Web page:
Terry Shoup was appointed the fourth Dean of the School of Engineering and Professor of Mechanical Engineering at Santa Clara University in 1989. He served three consecutive terms as dean, 1989-2002. Before arriving at Santa Clara, he had served on the faculties of Rutgers University, the University of Houston, Texas A&M University, and as Dean of Engineering at Florida Atlantic University. He received his Bachelor’s, Master’s, and Ph.D. degrees in mechanical engineering from Ohio State University, and a Master’s degree in Pastoral Ministries from Santa Clara University.
Following his tenure as SCU dean, Dr. Shoup returned to the faculty to continue his teaching and research in the field of machine design and design optimization methods. He also filled a variety of interim administrative roles at Santa Clara University: Acting Dean of the School of Education, Counseling Psychology and Pastoral Ministries 2005-06, Interim Vice Provost for Enrollment Management 2006-08, and Interim Executive Director of International Programs 2009-10.
In addition to his service at Santa Clara, Dr. Shoup contributed to his profession in many ways. In 2006, Dr. Shoup became the 125th President of the American Society of Mechanical Engineers, delivering an address in the People’s Great Hall in China, and testifying before a committee of the U.S. Congress on the important role that engineers play in protecting and preserving the environment. He later was elected as President of the Board of Directors of the ASME Foundation. He is the author or co-author of more than 15 textbooks and more than 140 technical articles, and he also served as the editor-in-chief of the foremost international mechanism design journal, Mechanism & Machine Theory, for more than 25 years.
Among numerous other honors and accolades, Dr. Shoup was named ASME Fellow and received the ASME Centennial Award and ASME Honorary Membership, recognizing a lifetime of service to engineering. He was inducted into the Silicon Valley Engineering Hall of Fame in 2011 and received the President’s Special Recognition Award from Santa Clara University in 2012. Dr. Shoup retired from Santa Clara University in 2019.
Timothy K. Hight
After 37 years of long and committed service to the Department of Mechanical Engineering, School of Engineering, and Santa Clara University, Dr. Hight retired in June 2021.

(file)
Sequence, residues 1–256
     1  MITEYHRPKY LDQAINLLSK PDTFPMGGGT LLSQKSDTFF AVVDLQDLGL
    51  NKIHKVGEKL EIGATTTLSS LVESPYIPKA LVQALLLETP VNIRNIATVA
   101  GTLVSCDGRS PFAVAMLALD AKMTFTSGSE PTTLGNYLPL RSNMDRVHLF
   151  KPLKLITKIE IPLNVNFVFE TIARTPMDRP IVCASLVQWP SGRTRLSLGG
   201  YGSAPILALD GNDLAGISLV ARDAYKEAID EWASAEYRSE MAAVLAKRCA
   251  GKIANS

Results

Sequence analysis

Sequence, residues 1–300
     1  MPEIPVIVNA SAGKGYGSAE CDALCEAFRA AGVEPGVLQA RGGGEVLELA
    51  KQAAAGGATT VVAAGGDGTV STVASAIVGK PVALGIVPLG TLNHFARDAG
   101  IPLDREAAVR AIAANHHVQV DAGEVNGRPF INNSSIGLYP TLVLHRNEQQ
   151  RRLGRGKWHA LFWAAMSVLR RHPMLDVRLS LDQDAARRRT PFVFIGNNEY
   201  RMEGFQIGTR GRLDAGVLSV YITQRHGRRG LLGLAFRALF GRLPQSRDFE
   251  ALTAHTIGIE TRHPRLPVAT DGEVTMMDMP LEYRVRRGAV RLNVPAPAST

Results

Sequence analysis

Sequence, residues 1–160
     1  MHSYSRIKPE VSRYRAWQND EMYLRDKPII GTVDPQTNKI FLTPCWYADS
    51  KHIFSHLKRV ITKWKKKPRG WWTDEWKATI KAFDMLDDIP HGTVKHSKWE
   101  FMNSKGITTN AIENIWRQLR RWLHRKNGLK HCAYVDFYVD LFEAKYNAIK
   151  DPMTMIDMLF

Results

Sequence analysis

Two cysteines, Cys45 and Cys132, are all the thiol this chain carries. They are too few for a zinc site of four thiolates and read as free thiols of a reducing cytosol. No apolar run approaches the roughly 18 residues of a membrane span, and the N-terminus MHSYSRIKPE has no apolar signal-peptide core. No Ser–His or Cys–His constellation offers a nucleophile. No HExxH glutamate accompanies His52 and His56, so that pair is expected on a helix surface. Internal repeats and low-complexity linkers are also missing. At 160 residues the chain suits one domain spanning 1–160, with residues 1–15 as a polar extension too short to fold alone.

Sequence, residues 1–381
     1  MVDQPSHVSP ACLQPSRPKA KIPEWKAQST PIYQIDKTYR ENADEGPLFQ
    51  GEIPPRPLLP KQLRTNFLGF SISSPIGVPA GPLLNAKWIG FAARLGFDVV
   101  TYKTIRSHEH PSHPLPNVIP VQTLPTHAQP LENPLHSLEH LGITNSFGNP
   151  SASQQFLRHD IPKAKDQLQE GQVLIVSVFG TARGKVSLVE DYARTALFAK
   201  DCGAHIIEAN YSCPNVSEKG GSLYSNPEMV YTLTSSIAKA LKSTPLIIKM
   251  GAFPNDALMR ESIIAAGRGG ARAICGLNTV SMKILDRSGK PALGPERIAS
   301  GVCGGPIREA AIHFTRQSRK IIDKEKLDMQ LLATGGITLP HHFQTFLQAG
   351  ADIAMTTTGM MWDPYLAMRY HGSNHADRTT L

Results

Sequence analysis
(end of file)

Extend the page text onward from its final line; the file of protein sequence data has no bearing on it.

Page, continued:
Dr. Hight has an outstanding record of success as a teacher, scholar, and leader at Santa Clara. Dr. Hight’s expertise is in the applications of computer methods to the design and analysis of mechanical systems. He applied the finite element method to a wide variety of problems, including the study of biomechanics and the application of modern design and manufacturing methods in industry. Throughout his academic career he also maintained close ties to industry through numerous summer and part time consulting projects with such companies as IBM, FMC and Lockheed. Dr. Hight also participated in research projects with NASA/Ames, VA hospital in Palo Alto, the USAF at Wright Patterson AFB and Curtin University in Perth, Australia. He also played active roles in the American Society of Mechanical Engineers (ASME), particularly with the Design Theory and Methodology Committee where he held various positions since the committee's inception.
Dr. Hight was the core of the design curriculum and the senior design program in the Department. He developed the senior design sequence to provide students with hands-on experience of designing and building real-life engineering projects. One of the greatest impacts of Tim Hight on the Department was his supervision, along with Fr. Jim Reites, of the three Solar Decathlon entries in 2007, 2009, 2013 and his supervision of the Tiny House entry in 2016. In particular, SCU placed third overall in 2007 and 2009 with several firsts in various subcategories in 2009. In the 2016 Tiny House competition, SCU secured first place. In the solar house competition, core teams consisted of 25 students with extended teams of over 100 students and typical project costs of $1.2M. In recognition of his achievements and dedication, Dr. Hight was named a top teaching scholar in 2011 for his “profound influence in incorporating concepts of sustainability into the Department of Mechanical Engineering.”
In addition, Dr. Hight served as the department chair for 13 years from 1998 to 2011. His leadership played a key role in shaping and growing the Mechanical Engineering Department. His dedicated mentorship had far-reaching impacts on the professional and academic careers of both students and faculty.